The Rise of Amazon

“The losses were a lot bigger than expected.”

Mary meeker said this on a podcast called Land of the Giants, an excellent six-part series on the rise of Amazon.

What she was referring to were the losses Amazon experienced in its first *21 quarters as a public company*. Over that time, cumulative net income was -$2.86 billion.

As bottom line losses piled up, top line growth averaged a blistering 229%. Amazon went from trading over 40 times sales at its peak to 3.5 today.

I can’t prove this, but I’d guess that most companies who see a collapse in their multiples don’t do it because they grow into them. They happen because they fail to deliver on investor’s high expectations. Amazon is one of those companies that continued to exceed expectations, which is why, according to Mary Meeker, its stock price was able to increase 1400 times since its IPO.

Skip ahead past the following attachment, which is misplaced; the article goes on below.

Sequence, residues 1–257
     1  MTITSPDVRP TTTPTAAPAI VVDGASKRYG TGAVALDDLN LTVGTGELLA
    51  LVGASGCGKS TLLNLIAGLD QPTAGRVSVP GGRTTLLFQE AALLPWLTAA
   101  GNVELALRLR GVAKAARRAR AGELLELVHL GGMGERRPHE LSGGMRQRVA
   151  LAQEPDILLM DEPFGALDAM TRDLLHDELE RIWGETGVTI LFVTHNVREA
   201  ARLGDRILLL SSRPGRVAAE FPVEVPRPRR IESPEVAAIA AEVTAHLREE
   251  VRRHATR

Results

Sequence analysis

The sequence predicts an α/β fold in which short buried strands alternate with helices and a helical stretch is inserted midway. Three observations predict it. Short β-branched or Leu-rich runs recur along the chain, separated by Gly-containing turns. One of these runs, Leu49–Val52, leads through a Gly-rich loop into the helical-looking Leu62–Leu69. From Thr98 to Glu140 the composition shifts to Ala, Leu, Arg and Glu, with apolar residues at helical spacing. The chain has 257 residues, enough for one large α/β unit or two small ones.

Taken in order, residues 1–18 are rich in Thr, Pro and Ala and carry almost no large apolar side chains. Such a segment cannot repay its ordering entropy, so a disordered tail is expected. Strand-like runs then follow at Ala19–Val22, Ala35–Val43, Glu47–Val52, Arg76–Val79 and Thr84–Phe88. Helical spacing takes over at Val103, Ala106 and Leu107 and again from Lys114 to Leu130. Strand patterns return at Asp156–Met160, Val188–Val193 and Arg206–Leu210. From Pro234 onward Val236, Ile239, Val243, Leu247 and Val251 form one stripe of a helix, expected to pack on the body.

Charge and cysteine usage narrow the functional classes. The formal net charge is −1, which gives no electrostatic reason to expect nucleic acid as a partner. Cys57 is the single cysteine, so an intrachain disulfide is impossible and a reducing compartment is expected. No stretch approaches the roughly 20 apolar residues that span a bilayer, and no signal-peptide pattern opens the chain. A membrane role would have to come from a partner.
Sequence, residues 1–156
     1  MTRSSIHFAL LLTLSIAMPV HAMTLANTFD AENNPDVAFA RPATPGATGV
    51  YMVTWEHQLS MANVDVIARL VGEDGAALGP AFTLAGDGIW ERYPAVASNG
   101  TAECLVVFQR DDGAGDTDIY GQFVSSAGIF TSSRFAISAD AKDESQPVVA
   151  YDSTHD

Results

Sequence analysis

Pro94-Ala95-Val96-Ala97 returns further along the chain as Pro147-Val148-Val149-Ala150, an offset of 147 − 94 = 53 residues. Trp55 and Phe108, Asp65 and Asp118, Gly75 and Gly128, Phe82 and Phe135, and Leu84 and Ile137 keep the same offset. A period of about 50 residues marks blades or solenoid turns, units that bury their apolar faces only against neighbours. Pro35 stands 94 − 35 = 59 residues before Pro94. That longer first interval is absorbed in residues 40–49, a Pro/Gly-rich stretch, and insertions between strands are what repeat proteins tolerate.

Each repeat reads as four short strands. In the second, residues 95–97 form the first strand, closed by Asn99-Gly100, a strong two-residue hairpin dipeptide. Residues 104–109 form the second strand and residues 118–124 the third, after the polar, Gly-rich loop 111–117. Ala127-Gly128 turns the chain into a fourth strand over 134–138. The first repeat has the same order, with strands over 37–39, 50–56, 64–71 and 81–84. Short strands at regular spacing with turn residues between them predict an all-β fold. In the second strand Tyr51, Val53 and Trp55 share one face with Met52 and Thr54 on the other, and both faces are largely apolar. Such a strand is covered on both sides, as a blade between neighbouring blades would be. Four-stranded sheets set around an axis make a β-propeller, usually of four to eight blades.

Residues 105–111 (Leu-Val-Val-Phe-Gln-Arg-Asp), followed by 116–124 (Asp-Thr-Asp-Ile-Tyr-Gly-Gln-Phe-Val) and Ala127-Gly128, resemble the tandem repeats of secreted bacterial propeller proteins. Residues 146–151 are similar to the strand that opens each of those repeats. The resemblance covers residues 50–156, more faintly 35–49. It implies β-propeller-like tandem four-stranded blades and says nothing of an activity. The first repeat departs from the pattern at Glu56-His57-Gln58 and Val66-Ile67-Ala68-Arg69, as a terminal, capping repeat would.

It was hardly a foregone conclusion that Amazon would go on to become one of the first trillion dollar companies on the planet. The business was hemorrhaging money and doubt was evident every day from 9:30 to 4. The price was waaaay more volatile than the broader market.

Of all the “if you invested $10,000 in,” Amazon is by far the most ridiculous because from December 1999 through October 2001, it fell more than 95%. Even Bezos’s parents sold their stock as it broke the 200-day moving average. Okay, I made that part up.

You hear a lot of companies say we’re “Uber, but for,” or we’re “the Netflix of.” You rarely hear from a CEO bold enough to say we’re “the Amazon of.” There are no comps. Amazon truly is a once in a lifetime company. It disrupted book stores, brick and mortar retail, and fundamental analysis. To learn more about its history, I highly recommend checking out the podcast.

Listen here:

Land of the Giants

*Data from YCharts

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